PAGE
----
Published just at the close of the American Revolution, patriot and physician Benjamin Rush’s pamphlet attack on hard liquor challenged the drinking habits of Americans. It was soon supplemented by this “Moral and Physical Thermometer” identifying alcoholism as a progressive disease and social ill. Its arguments would fuel a powerful temperance movement in nineteenth-century America that advocated for moral suasion and state legislation and eventually provided the backdrop for the ambitious agenda of national Prohibition.
The Music Publishers Association urged respect for the new Prohibition laws, and some artists, such as Albert Von Tilzer—composer of “Take Me Out to the Ballgame”—responded with this salute to family values. For the most part, however, the lyricists of Tin Pan Alley could not resist an amused and cynical approach:
I’ve a secret hidden there
I’ll guard it with my life,
There’s only one mistake I made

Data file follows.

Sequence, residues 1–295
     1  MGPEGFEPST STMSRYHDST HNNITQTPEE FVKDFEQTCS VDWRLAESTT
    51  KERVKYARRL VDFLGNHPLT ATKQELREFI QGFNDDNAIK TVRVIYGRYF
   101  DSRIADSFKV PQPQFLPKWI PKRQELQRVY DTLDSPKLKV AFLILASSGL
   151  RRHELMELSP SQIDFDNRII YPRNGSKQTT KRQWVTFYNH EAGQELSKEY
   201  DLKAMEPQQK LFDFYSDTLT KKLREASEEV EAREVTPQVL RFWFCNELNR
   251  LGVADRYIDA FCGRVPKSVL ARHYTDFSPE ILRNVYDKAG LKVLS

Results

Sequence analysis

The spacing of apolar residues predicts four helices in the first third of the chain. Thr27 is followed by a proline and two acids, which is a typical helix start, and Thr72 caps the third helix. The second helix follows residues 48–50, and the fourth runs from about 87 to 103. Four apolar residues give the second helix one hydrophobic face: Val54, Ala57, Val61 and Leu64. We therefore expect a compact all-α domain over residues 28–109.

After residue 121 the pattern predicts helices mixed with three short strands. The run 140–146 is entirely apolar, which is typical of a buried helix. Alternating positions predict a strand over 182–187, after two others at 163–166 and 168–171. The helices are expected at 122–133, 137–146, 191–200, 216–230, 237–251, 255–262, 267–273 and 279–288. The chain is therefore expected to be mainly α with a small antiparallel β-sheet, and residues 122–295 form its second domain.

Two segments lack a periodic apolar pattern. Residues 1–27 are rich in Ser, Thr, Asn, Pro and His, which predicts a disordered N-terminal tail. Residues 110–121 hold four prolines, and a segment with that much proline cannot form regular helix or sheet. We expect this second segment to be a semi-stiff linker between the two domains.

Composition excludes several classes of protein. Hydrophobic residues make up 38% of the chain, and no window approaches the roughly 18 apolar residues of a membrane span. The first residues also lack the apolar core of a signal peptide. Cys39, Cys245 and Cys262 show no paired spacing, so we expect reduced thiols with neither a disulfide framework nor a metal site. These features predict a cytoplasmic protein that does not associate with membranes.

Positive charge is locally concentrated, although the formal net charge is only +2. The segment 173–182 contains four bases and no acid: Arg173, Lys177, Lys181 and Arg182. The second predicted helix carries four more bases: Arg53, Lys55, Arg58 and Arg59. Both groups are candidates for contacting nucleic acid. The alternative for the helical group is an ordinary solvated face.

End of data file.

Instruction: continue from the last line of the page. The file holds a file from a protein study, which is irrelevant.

I told it to my wife.
Now everybody wants a key to my cellar . . .”
As this liquor label and New York physician’s 1921 application suggest, the medical use of spirits was permitted during Prohibition. Whiskey was still viewed as curative and palliative in the medical practice of the day, but the intense pressure on doctors to prescribe, and the rapid growth of pharmacies during the decade, clearly suggest other, forbidden uses.
The Volstead Act outlawed the manufacture, transportation, and sale, but not the possession, of liquor. As a result, wealthier New Yorkers with both the means and the space to stockpile early did so. One such practitioner was the renowned architect Cass Gilbert. For his legal protection, he wrote this memorandum of a telephone conversation with the Federal Prohibition office about the “hypothetical case” of one who was changing residences in 1925 and wanted to transport a personal supply of wines and spirits in and out of storage.
The terms “bootlegger” and “speakeasy” predate the 1920s, but they came to define the Prohibition era in New York City. The city had more than 30,000 speakeasies that ranged from extravagant nightclubs to dives and “clip joints” that lured and robbed visitors. Most survived on protection graft that went to mobsters who claimed to act as middlemen. Meanwhile, cards, tokens, and passwords were issued to regular patrons. The Town Casino Club was known for the electric fountain behind the bar, and the Stork Club survived until 1965.